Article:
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Kansas Voters Reject Anti-Abortion Amendment

A Republican legislature places a conservative amendment to the state constitution on the primary ballot rather than the general election ballot. The primary usually has far fewer Democratic contests, so primary voters are usually far fewer than in the general election and consist primarily of the most conservative activist base of the Republican party. The Republican legislature, as well as many observers across the political spectrum, thus figures they have a Yes vote on their conservative amendment in the bag. But on primary day, turnout surges and the voters resoundingly reject the amendment.

That lightning has struck twice this summer, first in the surprise defeat of Amendment C in South Dakota in June, and now in Kansas voters’ rejection of an effort to remove women’s right to abortion from the Kansas constitution. With 95% of precincts reporting, the deceptively named “Value Them Both” amendment has failed 41.2% to 58.8%. That’s a remarkable result for the first direct test of voters’ sentiment on abortion since the Alito Court repealed Roe v. Wade:

The vote stands as a major win for abortion rights advocates, preserving access in a red state as the procedure is banned or severely restricted in much of the region. It wasn’t just urban counties, like Democratic-leaning Wyandotte County, that turned out to protect abortion rights. Rural counties like Osage, Franklin and Osage also favored vote “no” by significant margins.

…The vote upholds a 2019 Kansas Supreme Court ruling that, in response to an attempt to ban a common 2nd trimester abortion procedure, said Kansans had a right to bodily autonomy and therefore the right to terminate a pregnancy.

The movement against the amendment succeeded in turning a wide swath of no voters out, despite the amendment’s placement on a primary ballot many assumed would favor Republicans. They were able to keep margins in rural counties smaller than anticipated.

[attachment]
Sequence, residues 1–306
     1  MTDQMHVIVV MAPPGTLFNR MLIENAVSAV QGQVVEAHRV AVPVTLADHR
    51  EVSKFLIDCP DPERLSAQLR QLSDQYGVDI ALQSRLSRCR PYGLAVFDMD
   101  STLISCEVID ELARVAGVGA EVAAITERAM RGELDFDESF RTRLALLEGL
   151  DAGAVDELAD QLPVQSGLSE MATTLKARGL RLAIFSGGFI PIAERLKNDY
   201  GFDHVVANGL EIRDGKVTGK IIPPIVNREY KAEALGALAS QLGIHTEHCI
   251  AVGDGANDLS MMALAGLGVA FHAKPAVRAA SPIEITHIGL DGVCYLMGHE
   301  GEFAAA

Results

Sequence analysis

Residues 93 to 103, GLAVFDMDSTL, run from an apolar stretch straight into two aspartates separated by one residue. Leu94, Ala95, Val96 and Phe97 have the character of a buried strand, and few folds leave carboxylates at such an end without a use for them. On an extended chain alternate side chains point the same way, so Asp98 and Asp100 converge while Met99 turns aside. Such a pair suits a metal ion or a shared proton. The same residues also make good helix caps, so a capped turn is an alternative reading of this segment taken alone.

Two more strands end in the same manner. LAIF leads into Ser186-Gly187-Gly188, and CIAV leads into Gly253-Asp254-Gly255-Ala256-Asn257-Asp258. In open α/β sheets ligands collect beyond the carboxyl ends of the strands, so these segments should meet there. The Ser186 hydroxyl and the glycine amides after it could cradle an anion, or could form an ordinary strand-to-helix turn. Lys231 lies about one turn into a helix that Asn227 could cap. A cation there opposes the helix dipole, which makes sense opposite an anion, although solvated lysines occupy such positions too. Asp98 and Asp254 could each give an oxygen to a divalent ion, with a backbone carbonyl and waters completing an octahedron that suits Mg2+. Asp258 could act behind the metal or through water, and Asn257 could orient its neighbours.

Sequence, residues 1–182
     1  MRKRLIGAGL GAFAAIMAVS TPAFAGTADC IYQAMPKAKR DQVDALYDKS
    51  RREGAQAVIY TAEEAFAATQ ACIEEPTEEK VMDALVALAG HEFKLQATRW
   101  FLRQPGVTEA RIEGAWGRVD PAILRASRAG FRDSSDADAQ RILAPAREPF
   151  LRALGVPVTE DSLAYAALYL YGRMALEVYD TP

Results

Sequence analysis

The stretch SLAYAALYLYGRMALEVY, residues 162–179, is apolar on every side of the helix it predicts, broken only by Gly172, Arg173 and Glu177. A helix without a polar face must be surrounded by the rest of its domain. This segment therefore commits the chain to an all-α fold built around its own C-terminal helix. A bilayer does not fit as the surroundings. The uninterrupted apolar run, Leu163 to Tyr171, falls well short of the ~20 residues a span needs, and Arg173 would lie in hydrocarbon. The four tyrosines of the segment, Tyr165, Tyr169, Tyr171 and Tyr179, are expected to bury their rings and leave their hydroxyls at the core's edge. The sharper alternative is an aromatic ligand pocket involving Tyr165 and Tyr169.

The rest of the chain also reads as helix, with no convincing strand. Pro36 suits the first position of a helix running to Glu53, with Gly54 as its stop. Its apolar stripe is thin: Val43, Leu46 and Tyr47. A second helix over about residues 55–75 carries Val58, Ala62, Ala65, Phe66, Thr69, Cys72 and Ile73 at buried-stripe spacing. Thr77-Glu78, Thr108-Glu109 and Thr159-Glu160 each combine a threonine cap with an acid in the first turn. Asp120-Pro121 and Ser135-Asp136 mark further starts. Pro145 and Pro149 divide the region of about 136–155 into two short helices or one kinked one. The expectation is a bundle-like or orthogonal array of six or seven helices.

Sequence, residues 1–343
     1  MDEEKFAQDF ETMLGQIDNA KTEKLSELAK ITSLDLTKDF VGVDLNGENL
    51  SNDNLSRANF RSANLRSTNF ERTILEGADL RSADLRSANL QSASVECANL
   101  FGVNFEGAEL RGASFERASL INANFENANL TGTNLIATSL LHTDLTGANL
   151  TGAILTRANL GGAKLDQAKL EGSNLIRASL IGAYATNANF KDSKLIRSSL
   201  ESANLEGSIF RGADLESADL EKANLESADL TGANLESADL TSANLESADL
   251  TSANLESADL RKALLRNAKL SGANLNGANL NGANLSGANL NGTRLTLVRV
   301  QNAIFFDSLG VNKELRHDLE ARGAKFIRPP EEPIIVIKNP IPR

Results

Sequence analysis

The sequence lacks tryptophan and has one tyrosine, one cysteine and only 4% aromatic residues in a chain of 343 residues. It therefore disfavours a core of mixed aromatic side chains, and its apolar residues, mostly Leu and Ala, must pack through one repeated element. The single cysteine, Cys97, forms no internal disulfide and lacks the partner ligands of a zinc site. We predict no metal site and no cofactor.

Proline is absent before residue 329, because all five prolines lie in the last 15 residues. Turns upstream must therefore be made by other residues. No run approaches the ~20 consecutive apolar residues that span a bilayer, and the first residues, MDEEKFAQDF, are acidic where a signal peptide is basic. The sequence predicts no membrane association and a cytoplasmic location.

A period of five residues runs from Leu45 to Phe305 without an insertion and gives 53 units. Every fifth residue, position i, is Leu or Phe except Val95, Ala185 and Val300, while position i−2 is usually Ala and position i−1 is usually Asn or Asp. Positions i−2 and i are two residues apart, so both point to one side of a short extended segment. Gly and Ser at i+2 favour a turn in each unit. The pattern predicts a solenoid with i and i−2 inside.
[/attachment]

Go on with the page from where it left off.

Secretary of State Scott Schwab said early in the evening that anecdotal evidence indicated the turnout could match the 2008 presidential race – 63.3% [Katie Bernard and Lisa Gutierrez, “‘No’ Prevails: Kansas Votes to Protect Abortion Rights in State Constitution,” Kansas City Star, 2022.08.03].

Kansas Governor Laura Kelly said last night that the voters have “rejected divisive legislation that jeopardized our economic future & put women’s health care access at risk.” Governor Kelly said the defeat of this anti-abortion amendment helps make Kansas “the best state in the nation to live freely & do business.”

Kansas still has a raft of oppressive statutory restrictions on abortion—a 24-hour waiting period, forced anti-abortion “counseling”, forced and medically unnecessary ultrasound, a ban on insurance coverage for most abortions, a ban on telemedicine abortion consultations. But Kansas voters have made clear that they want to use their Alito-given rights to protect women’s bodily autonomy and equal citizenship.

South Dakota showed similar surprise moxie in standing up to Republican election rigging and anti-freedom legislation in the June 2022 primary vote on Amendment C. Let’s see if South Dakota can repeat that result in 2024.


  1. AmyB 2022-08-03 09:23

    I think Kansas is a preview of what is going to happen in a lot of these red states..SD included.

  2. cibvet 2022-08-03 09:48

    Sometimes republican women will shed their husbands control in a private setting. Not often, but it happened in Kansas yesterday.